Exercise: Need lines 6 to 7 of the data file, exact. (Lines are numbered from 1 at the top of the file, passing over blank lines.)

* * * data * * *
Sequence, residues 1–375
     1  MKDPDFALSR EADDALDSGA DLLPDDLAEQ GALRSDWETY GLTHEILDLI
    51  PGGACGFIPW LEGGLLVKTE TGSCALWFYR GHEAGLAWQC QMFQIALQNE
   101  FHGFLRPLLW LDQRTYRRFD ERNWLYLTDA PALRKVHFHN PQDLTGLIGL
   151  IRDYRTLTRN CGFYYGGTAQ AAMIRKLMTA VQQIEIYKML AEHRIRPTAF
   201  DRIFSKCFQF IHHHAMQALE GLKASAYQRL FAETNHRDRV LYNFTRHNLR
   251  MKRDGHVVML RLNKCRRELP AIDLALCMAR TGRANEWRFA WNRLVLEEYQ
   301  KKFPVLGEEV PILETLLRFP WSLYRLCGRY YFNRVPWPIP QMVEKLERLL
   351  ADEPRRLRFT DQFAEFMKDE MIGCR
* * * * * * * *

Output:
   201  DRIFSKCFQF IHHHAMQALE GLKASAYQRL FAETNHRDRV LYNFTRHNLR
   251  MKRDGHVVML RLNKCRRELP AIDLALCMAR TGRANEWRFA WNRLVLEEYQ